My interest in the arts began very early; going back to my single digit years and my parents’ amazement at my ability to draw “freehand,” in the phrase of the day. In elementary school if art contests were had, they often resulted in prizes for me. In one notorious year when ‘art’ meant coloring in a pre-drawn page, I was given the page Thursday afternoon and assigned to do the coloring; then Friday afternoon the class was directed to ‘color as Linda did.’ Ahh, art it wasn’t, and while embarrassing, it did build my confidence.
High School brought the possibility of really studying art. One of my fondest memories comes from sophomore year and my sweet-talking the registrar to change my schedule from business math to junior-senior art. That was a coup! Of course there was an art club, and senior year I was president and devised all kinds of new activities to engage and enliven the group.
Music, theater, dance, poetry, all of the arts were very alive in that all girls high school in Baltimore in the early ’60’s, and so performance covers, drawings for poetry magazines, posters, stage scenery, even yearbook ‘end sheets’ in addition to regular art class assignments filled my four years.
I was in love with the ability to create, found it a useful and much valued skill and knew by then it would always be a major part of my life. Art was about creating beauty, a useful kind of beauty and I believe that simple reality remains at the root of my understanding of art. And the words on the art room bulletin board (never changed in four years and so I remember it to this day), “Art is Right Making,” underscored that.
Someone cleverly remarked that the Pandemic has reduced us to the same lot as Peasants living in the Middle Ages:
“Bake Bread, Avoid the Plague, Revolt Against Tyranny.”
How true! I laughed.
…but it brought me to think about the inherent connection all of us have with all those humans who have gone before. And specifically for me, my connection with all those craftspeople, sculptors, potters, those whose skill adorned public and religious structures, even those who painted murals on the rock walls of the caves of Altamira and Lascaux.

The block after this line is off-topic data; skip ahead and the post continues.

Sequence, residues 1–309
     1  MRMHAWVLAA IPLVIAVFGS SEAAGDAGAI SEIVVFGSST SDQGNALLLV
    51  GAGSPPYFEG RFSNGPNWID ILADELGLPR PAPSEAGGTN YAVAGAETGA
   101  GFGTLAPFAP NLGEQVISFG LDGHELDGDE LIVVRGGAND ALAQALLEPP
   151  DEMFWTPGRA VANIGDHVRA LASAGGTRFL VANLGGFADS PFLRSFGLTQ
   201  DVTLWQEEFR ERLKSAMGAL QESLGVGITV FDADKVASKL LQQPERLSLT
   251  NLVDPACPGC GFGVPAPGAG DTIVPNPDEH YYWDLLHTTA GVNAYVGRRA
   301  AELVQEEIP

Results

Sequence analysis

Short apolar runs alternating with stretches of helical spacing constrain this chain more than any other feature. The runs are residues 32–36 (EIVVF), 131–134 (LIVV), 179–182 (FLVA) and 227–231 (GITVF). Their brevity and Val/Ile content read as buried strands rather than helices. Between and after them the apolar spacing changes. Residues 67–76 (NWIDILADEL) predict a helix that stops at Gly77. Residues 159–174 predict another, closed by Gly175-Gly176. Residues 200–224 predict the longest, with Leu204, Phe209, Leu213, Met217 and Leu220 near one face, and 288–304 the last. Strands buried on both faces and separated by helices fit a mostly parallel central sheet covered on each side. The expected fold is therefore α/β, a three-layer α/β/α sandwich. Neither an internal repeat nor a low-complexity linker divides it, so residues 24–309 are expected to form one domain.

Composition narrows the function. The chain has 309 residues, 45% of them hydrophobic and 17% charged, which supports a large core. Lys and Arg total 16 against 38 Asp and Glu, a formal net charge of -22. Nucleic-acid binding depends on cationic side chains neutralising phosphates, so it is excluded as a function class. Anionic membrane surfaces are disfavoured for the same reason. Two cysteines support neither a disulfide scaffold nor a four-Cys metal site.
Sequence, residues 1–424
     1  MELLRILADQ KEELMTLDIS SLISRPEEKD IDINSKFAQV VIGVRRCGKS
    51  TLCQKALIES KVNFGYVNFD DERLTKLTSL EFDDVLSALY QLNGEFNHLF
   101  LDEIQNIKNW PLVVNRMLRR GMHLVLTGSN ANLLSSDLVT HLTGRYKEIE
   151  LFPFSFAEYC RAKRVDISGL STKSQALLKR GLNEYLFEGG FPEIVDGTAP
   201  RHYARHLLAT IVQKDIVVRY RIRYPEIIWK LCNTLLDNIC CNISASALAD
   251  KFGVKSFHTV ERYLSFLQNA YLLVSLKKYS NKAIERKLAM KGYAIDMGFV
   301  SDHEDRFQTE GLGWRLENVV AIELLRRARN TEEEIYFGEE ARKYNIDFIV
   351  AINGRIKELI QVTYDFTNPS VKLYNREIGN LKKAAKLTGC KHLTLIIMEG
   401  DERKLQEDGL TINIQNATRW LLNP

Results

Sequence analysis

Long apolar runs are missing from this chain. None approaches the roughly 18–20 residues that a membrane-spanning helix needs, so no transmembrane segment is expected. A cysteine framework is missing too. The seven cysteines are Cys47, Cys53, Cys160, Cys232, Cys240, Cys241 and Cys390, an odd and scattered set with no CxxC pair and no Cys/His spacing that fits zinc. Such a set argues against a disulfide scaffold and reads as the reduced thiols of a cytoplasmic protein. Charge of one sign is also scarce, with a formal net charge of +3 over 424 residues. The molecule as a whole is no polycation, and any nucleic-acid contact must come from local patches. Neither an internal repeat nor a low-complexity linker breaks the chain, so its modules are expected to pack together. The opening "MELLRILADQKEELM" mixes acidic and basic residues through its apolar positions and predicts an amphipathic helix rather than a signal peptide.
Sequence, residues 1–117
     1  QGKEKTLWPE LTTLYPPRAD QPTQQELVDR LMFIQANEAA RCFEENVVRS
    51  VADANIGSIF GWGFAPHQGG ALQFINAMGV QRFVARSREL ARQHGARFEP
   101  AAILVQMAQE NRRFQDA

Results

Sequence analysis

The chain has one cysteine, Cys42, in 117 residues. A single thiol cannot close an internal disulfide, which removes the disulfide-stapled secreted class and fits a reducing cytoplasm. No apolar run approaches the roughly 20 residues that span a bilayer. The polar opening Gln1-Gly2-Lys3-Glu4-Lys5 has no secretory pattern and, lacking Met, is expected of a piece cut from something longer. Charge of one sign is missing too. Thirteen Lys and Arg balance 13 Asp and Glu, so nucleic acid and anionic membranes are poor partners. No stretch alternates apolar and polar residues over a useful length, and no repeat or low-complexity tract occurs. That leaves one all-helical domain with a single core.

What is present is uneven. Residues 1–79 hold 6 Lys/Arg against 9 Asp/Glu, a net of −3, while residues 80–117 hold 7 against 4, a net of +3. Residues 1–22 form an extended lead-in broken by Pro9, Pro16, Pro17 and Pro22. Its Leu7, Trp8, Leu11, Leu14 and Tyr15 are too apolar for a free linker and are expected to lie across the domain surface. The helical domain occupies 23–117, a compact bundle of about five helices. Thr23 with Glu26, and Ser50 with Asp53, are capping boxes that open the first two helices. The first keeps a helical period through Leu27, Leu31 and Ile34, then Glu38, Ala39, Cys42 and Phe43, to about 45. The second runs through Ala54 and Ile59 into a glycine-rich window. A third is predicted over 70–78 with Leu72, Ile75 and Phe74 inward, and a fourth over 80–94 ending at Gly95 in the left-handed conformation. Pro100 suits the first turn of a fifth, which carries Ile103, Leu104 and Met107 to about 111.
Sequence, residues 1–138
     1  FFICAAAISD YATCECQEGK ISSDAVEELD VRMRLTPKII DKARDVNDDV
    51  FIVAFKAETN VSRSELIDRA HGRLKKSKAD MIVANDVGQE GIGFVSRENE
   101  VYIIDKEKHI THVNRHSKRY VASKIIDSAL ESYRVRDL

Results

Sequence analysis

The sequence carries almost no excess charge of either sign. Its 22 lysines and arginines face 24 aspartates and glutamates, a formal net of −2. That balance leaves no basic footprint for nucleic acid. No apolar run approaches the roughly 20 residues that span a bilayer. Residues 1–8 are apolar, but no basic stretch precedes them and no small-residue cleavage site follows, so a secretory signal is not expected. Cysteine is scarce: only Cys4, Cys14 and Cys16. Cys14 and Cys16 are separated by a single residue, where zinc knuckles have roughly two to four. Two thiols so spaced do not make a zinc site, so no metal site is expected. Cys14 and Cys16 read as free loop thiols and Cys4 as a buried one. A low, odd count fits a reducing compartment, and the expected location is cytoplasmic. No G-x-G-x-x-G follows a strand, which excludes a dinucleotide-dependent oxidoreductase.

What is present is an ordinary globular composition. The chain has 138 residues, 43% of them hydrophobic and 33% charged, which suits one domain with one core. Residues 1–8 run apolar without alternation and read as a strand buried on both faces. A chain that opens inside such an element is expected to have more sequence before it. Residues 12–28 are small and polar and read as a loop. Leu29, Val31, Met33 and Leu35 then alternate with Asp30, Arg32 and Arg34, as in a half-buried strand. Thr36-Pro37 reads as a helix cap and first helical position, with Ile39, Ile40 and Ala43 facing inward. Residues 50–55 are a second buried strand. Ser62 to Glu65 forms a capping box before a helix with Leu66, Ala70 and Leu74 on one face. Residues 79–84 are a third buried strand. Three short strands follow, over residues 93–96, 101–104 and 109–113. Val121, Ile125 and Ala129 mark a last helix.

Every day in the studio pushes me deeper into an understanding of what art is and what it is all about. The Dutch artist Frederick Franck describes it this way,
“Art is neither a luxury nor merchandise, and far from a hobby. Art must arise from regions fathoms deeper from the deepest recesses of the human Spirit. It springs from the maker’s core, as if it is to touch the core and the very truth of the one who confronts it.”
So while I toil away at 242, creating functional sculpture hopefully to bring beauty to individual residences, my real effort is to infuse the core of life into each work. And while I have a prominent piece of wall sculpture for sale in Papillon, it is there with the express purpose that someone will recognize something of their own spirit in that work and allow it to resonate in their home.
Kafka tells us, “Art is a nothing that is everything,”
I think most of us have a sense of that. Art distinctly changes the energy of a place. I tell my clients who commission work that they are “my Medici;” they make it possible for me to create. To commission a piece of art is inherently different from simply purchasing any other object, a pair of shoes, a kitchen appliance. Those may well make life more comfortable, easier, but they do not deal with a matter of ‘soul.’
It was a comfort to remember that while many were doing the “bread baking” thing, there were also…even back then…many others who were engaged in creating art, that “nothing” which is everything.